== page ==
UK jobless rate falls to 11-year lowComments
Britain’s jobless rate has fallen to its lowest level since October 2005.
The unemployment rate was at 4.9 percent of the workforce in the three months to May – down from 5.0 percent in April, the Office for National Statistics said.
The statistics are from before last month’s vote to leave the European Union, which led to warnings of slower growth.
Commenting on today’s labour market figures, ONS statistician Nick Palmer said: pic.twitter.com/Nil6RFdx1b— ONS (@ONS) July 20, 2016
Policymakers at Britain’s central bank will take into account how Britain’s labour market reacts to the Brexit decision.
No sharp slowdown yet
Shortly after the jobs numbers were released on Wednesday, the Bank of England said that so far there are no clear signs of a sharp economic slowdown in the UK.
The BoE’s regional agents, who speak regularly with companies, said business uncertainty had risen markedly but most firms did not plan to cut hiring or investment.
We’ve published this month's report on business conditions by our Agents. https://t.co/30yb3EdcjWpic.twitter.com/eb4sa2vbgi— Bank of England (@bankofengland) July 20, 2016
The pound rose against the US dollar as the BoE report struck a less downbeat tone than other surveys which have shown falls in business and consumer confidence.
Wednesday’s report leaves open the risk that the full impact of the Brexit vote is yet to be felt.
Earlier this month the BoE said it expected the UK economy to slow markedly as a result of the decision to leave the EU.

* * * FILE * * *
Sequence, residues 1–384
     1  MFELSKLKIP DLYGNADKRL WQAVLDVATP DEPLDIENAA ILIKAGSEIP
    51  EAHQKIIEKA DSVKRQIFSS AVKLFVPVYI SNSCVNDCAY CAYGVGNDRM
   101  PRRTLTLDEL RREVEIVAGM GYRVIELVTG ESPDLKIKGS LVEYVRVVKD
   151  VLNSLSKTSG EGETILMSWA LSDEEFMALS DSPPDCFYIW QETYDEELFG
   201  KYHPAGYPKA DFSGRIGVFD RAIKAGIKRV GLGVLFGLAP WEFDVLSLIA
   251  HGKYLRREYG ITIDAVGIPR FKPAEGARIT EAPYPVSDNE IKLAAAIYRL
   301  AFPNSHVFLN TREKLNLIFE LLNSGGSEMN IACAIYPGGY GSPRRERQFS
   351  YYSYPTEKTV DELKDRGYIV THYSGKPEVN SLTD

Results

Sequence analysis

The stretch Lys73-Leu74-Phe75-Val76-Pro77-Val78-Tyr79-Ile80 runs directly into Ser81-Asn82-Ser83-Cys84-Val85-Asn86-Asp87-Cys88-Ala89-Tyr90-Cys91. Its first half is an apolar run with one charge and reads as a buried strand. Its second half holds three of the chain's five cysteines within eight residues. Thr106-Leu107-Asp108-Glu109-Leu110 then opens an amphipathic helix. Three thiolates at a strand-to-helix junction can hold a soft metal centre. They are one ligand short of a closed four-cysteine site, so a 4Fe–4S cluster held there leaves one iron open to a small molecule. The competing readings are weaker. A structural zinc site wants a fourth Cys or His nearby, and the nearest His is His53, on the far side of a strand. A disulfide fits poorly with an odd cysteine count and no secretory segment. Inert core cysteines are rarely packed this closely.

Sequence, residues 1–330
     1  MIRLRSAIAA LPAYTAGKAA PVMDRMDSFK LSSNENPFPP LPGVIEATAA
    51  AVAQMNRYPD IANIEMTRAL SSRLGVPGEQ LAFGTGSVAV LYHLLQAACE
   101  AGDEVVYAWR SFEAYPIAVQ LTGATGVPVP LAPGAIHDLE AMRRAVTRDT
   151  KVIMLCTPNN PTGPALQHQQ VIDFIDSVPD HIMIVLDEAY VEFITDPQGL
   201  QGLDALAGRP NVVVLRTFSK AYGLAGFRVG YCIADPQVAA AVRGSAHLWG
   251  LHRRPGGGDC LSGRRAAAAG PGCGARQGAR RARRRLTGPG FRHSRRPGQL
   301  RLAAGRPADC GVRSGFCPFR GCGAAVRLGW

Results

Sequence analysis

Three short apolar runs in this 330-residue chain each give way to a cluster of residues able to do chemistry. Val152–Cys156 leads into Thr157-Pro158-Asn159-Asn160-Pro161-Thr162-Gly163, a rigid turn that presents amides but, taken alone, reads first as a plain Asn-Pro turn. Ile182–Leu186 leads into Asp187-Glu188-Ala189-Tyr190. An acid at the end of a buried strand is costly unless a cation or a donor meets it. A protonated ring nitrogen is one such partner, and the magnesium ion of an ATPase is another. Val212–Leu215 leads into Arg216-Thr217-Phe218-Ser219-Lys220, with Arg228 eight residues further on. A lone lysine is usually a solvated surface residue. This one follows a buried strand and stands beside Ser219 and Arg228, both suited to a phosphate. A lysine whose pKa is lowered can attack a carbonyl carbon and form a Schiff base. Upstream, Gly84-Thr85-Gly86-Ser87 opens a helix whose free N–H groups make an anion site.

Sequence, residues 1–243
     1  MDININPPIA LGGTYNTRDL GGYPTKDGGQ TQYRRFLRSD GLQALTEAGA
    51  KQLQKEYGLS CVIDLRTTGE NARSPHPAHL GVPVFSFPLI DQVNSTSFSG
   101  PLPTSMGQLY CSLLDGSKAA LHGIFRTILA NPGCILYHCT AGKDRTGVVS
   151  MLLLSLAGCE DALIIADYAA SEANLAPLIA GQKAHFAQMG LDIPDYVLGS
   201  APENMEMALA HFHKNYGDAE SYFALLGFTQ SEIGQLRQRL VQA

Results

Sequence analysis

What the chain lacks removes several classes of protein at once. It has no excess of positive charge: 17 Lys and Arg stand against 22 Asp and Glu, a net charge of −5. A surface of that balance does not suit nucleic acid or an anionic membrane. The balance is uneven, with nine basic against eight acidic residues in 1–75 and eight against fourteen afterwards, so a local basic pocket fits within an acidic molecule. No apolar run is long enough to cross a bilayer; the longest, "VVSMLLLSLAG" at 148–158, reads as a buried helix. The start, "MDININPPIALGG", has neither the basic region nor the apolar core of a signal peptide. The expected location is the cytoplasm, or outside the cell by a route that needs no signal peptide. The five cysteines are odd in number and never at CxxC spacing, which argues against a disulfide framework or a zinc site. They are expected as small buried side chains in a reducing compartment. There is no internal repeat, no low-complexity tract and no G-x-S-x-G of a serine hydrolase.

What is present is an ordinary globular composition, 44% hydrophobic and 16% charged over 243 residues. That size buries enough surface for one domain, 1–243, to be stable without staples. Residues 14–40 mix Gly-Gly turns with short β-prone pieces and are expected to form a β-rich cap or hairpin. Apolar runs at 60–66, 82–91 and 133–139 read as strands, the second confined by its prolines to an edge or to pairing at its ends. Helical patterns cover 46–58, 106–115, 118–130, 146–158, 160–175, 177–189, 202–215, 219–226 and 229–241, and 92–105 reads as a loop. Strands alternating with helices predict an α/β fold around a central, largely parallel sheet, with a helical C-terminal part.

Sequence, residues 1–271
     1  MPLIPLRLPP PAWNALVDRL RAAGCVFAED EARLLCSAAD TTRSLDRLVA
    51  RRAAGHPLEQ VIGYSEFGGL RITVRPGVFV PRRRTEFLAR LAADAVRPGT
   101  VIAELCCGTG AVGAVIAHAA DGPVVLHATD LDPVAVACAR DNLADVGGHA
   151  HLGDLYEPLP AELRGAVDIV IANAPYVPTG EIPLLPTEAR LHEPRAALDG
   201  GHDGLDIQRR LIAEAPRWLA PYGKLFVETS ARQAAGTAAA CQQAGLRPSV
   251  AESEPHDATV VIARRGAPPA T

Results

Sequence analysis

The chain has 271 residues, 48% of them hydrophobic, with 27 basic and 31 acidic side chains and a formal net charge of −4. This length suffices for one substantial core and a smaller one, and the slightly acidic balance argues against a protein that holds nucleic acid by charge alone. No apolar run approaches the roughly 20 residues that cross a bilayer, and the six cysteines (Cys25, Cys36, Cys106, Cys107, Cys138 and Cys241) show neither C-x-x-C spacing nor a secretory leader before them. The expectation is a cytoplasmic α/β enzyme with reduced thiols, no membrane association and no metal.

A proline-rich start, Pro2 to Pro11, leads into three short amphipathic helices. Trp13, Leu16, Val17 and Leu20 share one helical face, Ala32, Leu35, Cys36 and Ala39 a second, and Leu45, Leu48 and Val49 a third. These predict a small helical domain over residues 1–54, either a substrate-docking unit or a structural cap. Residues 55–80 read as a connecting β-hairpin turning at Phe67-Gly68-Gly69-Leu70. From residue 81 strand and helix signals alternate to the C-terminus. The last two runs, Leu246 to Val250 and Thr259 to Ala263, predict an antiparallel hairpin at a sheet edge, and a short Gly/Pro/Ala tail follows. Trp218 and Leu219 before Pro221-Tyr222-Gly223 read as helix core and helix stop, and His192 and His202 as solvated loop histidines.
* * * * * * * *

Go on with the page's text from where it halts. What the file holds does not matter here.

On Tuesday the International Monetary Fund cut its growth forecast for Britain next year to 1.3 percent from 2.2 percent.
Many firms told the BoE they were reviewing their strategy in light of the unexpected outcome of the vote and about a third expected to cut hiring or investment over the next 12 months.
The BoE report contrasted with a survey of British households, published by financial data company Markit on Wednesday, which showed households at their gloomiest about the economic outlook in two-and-a-half years.
Figures on Monday from accountants Deloitte showed four out of five chief financial officers of large British companies planned to reduce investment in the year ahead, and were at their most pessimistic since the 2008 financial crisis.
“Marked shift to defensive balance sheet strategies” follows #EUreferendum –
IanStewartEcon</a> on today’s <a href="https://twitter.com/hashtag/CFOSurvey?src=hash">#CFOSurvey</a> <a href="https://t.co/JfeUxonKxx">https://t.co/JfeUxonKxx</a></p>— Deloitte UK (DeloitteUK) July 18, 2016